Why is there a need of consumer laws? To understand this we need to first know who a consumer is under the eyes of law. According to the Consumer Protection Act 1986 a consumer can be defined as a person who purchases goods and services for his personal use and not for resale or manufacturing.
The minute an individual is born into this world, they start consuming the goods and services. One’s basic needs are consumed such as clothes, food, soap, water, and many more things. These needs don’t stop but they take different forms as the person ages. Thus, we all are consumers in one way or the other. In layman language when we go to the Market we try to put our money to the best use, we expect to get the value of our money i.e. satisfactory quality under the right amount. At times, the consumer may not get the value of their money or they can be a victim of fraud or harassment or maybe cheated in someway or the other.
The government understood the need to protect their consumers from such unethical and immoral activities of the suppliers. Eventually several laws were made with regards to the same. Some of the examples are Sales of Goods Act, the Dangerous Drugs Act, Prevention of Food Adulteration Act, th Indian Contract Act, Agricultural Produce Act, etc. Even though these acts protected the rights of the consumer to some extent, these laws required initiation of civil suits by the consumer. These civil suits are a lengthy legal process and also are expensive and time consuming.
On December 24,1986 the Consumer Protection Act. This was an act of the Parliament of India to protect the interest of the consumers of their country. It is thought provoking that the Act doesn’t seek to protect every consumer by the literal meaning of the term, it is meant for the person who fits accurately in the definition of the word ‘consumer’ given by the Act.
This Act is said to be the Magna Carta of the Indian consumers as it is quite unique in nature and is also highly progressive piece social welfare. This is the only law which directly relates to the market place and takes into consideration the complaints that arise from the same. This Act has mean made with the aim of providing simpler and quicker protection to their consumers.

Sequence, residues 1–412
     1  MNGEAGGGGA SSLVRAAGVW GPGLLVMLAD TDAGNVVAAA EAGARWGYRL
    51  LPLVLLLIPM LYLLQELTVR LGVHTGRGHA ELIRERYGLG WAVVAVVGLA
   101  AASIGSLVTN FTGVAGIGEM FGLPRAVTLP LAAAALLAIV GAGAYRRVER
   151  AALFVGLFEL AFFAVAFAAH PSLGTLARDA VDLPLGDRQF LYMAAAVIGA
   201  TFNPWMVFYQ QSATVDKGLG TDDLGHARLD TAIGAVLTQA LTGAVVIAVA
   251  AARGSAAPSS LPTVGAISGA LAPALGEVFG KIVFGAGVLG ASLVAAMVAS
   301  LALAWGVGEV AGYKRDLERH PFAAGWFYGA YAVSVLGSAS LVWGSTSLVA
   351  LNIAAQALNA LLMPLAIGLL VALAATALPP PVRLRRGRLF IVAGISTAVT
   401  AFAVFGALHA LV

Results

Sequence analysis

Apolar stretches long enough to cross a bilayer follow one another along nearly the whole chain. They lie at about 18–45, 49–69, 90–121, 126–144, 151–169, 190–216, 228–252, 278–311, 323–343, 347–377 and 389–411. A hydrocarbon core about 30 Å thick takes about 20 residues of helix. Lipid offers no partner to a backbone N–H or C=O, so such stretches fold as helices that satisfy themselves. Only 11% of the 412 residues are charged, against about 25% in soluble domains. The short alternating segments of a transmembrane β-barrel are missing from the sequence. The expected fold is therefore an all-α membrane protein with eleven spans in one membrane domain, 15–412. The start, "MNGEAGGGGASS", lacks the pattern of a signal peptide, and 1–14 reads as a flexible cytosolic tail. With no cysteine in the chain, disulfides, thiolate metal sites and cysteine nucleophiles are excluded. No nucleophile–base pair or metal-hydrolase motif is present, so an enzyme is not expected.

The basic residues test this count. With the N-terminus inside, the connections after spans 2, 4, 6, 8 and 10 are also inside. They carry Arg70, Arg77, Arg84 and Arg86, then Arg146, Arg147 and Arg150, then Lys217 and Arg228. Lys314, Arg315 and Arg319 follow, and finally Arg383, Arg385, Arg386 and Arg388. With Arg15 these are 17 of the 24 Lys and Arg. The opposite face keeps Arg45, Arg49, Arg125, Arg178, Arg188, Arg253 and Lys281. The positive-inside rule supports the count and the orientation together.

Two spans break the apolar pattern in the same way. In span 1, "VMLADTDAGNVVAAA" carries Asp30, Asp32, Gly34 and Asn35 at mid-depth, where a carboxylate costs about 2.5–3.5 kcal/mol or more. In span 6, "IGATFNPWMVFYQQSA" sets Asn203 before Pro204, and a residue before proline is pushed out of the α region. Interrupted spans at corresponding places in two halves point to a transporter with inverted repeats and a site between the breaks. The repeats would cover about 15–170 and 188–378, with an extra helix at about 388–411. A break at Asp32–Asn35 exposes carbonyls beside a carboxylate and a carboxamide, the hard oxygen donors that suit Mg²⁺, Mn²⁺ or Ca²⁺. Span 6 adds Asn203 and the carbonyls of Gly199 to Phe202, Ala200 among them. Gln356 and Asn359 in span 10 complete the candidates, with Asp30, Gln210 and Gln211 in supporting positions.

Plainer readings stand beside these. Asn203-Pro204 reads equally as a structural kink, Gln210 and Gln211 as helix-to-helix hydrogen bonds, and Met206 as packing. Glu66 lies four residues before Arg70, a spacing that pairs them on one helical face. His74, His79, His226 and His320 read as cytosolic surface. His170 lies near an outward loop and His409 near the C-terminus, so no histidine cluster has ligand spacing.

The Consumer Protection Act,1986 (COPRA) was replaced by the Consumer Protection Act, 2019. It was introduced in the Lok Sabha by the minister of Consumer Affairs, Food and Public Distribution, Ram Vilas Paswan and later on it was passed by Rajya Sabha on 6 August 2019. The Consumer Protection Act 2019 has been made keeping in mind the challenges faced by the consumers in this new age of digitalization. This new era of E-commerce has made a significant impact in today’s world. E- commerce have made our lives quite easy by giving us access to a large variety of choices, doorstep services convenient payment options and what not. But along with the facilities the growing industry has bought some significant challenges related to the consumer protection. Often while shopping online we come across fraud websites, asking for payments and then providing the said the services.
The new provisions in act are a meant for the betterment and strengthening the consumer’s legal rights. Some of the key highlights of the Consumer Protection Act 2019 are;
-E-Commerce Transactions: The New Act has enhanced the definition of ‘consumer’. It now includes a person who buys any goods, whether through offline or online transactions, electronic means, teleshopping, direct selling or multi-level marketing. The former Act didn’t specifically include e-commerce transactions, and this lacuna has been addressed by the New Act.
– E-Filing of Complaints: The New Act provides flexibility to the customer to file complaints with the jurisdictional consumer forum located at the place of residence or work of the customer. It also contains enabling provisions for consumers to file complaints electronically and for hearing and/or examining parties through video-conferencing. This is aimed to provide procedural comfort and to lessen the inconvenience and harassment for the consumers.
– The CCPA has been allocated significant powers to need suo-moto actions, recall products, order reimbursement of the price of goods/services, cancel licenses and file class action suits, if a consumer complaint affects more than 1 (one) individual.
– Unfair Trade Practices: The New Act introduces a specific broad definition of Unfair Trade Practices, which also includes sharing of private information given by the buyer in confidence, unless such disclosure is formed in accordance with the provisions of the other law.
– Penalties for Misleading Advertisement: A penalty of up to INR 10,00,000 (Indian Rupees Ten Lakhs) can be imposed on a manufacturer or an endorser, for a false or misleading advertisement. The endorser can also be sentenced to imprisonment for up to 2 (two) years for an equivalent. For every subsequent offence, the amount of prohibition may reach 3 (three) years.
With the New Act ready to become the law, a consumer is now the one who assumes to be treated sort of a King. Hence, it’s important for consumer driven businesses (such as, retail, e-commerce) to be mindful of the changes within the legal landscape and have robust policies handling consumer redressal in place. Consumer driven businesses must also strive to require extra precautions against unfair trade practices and unethical business practices.